I was going to go on to celebrate the fact that women are undertaking new roles in Saudi Arabia, which I would hope the hon. and learned Lady would applaud. Women now sit on the board of the Hajj Authority, and can train as prosecutors and pilots. The first female Saudi ambassador has just been appointed to Washington. The steps taken to curtail the powers of the religious police and to reduce the scope of the guardianship system, which has been mentioned, are also cause for applause. We welcome those positive steps, but our aim is still to see the end of all gender discrimination. We will continue to encourage the full participation of women in Saudi life. As we are listened to by Riyad, I hope that we will have some success in that endeavour.
We welcome recent statements by Crown Prince Mohammed bin Salman on returning Saudi Arabia to a more moderate Islam that is tolerant of other faiths. To build momentum, it is important that religious voices from across the spectrum are not excluded, and that inclusive dialogue is encouraged.
Under Vision 2030, social and cultural opportunities are increasing. After a 35-year ban, the first cinema was opened, in March 2018, and there are now 15 cinemas in the kingdom, with more planned. Again, some might think that a trivial point given the human rights abuses that have been the bulk of our discussion today, but it is not; it is totemic of a broader societal change in the kingdom.
In 2018, the General Authority for Entertainment organised more than 5,000 live shows, festivals and concerts, including art and cultural events across 56 cities —an extraordinary and remarkable thing. Again, we should resist the temptation to dismiss that as trivial against what we have discussed, because it is an important indicator of progress and of a leadership that is prepared to change within the constraints of a conservative social system.
This Government firmly believe that our relationship with Saudi Arabia continues to be of utmost strategic importance to the UK. That relationship helps us to address global security challenges, such as Iran’s malign behaviour. Our co-operation also supports security inside the United Kingdom for the people we represent. Our common interests and our long-standing partnership give us the platform to raise our concerns and the influence to encourage further developments in the Kingdom.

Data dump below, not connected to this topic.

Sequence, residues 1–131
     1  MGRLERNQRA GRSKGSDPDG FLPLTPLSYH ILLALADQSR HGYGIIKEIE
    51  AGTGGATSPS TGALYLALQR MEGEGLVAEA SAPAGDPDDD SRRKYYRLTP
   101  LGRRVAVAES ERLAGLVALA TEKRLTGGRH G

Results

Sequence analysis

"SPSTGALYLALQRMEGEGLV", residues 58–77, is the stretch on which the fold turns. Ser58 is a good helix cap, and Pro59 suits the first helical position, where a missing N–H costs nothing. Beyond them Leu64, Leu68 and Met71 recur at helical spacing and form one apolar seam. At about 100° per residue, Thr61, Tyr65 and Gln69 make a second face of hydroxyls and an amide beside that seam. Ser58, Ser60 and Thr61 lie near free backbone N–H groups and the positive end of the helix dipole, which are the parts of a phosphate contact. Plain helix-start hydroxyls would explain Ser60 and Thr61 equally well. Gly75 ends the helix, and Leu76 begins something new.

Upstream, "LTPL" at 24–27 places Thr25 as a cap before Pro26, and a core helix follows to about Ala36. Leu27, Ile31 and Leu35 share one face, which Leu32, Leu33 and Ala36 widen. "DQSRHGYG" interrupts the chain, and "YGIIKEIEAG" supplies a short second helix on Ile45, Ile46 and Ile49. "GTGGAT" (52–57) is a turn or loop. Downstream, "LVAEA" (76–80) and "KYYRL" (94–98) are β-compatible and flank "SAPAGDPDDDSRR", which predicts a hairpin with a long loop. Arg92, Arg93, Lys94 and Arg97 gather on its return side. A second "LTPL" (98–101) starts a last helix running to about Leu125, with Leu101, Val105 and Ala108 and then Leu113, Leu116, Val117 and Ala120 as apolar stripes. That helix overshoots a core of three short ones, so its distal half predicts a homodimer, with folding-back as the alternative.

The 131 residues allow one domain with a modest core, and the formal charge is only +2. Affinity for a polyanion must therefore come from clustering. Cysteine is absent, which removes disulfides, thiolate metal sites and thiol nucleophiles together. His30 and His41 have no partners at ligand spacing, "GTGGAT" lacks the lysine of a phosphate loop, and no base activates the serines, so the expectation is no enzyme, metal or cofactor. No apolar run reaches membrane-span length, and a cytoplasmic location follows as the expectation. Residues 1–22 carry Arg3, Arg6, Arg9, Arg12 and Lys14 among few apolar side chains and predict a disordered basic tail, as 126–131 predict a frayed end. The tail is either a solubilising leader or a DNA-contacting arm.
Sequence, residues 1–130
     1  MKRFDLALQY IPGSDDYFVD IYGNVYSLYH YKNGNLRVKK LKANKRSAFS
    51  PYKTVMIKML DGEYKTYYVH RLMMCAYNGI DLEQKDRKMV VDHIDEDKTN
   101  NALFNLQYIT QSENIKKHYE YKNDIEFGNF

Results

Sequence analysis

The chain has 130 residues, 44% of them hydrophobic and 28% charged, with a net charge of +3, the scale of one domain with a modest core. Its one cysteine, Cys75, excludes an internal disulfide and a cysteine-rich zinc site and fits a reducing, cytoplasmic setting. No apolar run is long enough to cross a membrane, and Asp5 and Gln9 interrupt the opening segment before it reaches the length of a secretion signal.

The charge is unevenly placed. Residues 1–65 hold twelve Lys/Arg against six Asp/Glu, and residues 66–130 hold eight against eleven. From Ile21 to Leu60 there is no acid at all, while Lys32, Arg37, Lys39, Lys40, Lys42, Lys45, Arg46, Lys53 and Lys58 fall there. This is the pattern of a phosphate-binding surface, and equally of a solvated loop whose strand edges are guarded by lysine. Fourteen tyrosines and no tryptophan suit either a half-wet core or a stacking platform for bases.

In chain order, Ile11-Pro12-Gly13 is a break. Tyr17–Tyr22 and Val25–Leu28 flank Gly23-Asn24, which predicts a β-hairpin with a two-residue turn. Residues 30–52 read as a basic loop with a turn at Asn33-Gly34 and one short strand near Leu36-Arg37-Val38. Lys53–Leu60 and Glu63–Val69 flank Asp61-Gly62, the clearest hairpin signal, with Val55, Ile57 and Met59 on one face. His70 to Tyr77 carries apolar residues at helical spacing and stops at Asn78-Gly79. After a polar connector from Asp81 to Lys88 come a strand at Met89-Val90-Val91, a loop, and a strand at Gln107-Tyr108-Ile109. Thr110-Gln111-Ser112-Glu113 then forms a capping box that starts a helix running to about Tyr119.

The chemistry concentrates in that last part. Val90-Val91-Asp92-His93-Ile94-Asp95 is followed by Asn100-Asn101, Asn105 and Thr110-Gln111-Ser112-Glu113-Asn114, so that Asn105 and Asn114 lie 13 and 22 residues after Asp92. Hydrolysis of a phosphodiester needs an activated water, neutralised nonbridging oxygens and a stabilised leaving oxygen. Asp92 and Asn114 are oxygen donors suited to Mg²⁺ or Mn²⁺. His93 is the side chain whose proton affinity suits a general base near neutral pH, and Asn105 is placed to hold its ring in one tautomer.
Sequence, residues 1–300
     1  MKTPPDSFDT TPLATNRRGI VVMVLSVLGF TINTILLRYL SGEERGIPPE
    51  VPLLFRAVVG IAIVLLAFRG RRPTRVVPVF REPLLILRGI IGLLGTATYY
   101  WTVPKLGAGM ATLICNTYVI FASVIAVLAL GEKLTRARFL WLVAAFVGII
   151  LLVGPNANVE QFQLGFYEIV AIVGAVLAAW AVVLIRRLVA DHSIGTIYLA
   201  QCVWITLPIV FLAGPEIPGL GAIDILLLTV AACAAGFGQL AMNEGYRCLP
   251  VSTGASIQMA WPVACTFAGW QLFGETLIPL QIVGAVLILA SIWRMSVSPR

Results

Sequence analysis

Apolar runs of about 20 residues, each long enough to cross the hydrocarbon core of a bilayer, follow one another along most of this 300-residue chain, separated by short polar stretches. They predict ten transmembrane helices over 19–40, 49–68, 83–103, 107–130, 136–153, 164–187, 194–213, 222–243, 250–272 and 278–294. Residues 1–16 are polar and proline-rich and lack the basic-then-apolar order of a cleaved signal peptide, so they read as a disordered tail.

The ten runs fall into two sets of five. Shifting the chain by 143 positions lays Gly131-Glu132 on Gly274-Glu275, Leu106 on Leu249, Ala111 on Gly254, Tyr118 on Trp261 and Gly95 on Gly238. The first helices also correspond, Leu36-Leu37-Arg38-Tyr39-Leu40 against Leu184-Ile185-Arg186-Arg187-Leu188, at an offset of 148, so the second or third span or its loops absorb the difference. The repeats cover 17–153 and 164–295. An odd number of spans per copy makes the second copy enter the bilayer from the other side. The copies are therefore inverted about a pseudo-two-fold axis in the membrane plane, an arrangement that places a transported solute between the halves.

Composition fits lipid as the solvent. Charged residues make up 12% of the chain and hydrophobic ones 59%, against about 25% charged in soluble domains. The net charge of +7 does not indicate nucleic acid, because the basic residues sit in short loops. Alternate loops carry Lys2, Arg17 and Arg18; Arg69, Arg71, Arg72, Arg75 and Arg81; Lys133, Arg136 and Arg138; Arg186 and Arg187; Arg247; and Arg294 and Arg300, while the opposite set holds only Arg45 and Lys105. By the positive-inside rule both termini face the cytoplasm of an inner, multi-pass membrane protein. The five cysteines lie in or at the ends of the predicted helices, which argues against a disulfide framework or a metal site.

As we have discussed, rights and fundamental freedoms are severely limited in Saudi Arabia. Progress has been gradual and is not close to where we want the country to be. That is why Saudi Arabia will continue to be a human rights priority country—not a club that any country wants to be a member of. It is right that we continue to be confident about our values and norms and that we promote them globally. It is right that we should express our concerns about human rights in a frank and open way, and we do that with Saudi Arabia at the highest levels, both in private and in public.
My hon. Friend John Howell made a fine speech about modern slavery. As he will know, at the United Nations General Assembly in September 2017, Saudi Arabia endorsed the Prime Minister’s call to end modern slavery. I take that as a positive sign.
The right hon. Member for Orkney and Shetland rightly raised the issue of UK funding for police operations in Saudi Arabia. I have covered the tone of that point in my remarks, but to be specific, he will know that the Government complete rigorous human rights assessments of that training and other elements, such as materiel. More specifically, he will know that the overseas security and justice assistance assessments are done before undertaking justice and security operations, to ensure that all work meets our international human rights obligations and our values. My hon. and gallant Friend the Member for Reigate is an expert in those matters, and I commend him for the work that he did when he was in office.
The right hon. Member for Orkney and Shetland also asked about the integrated activity fund, which is a relatively recent fund. All IAF projects undergo assessment and review. We cannot disclose information about particular IAF projects in greater detail, as we have a duty to maintain the confidence and confidentiality of our partners, but I am happy to enter into a correspondence with him, if he would find that helpful.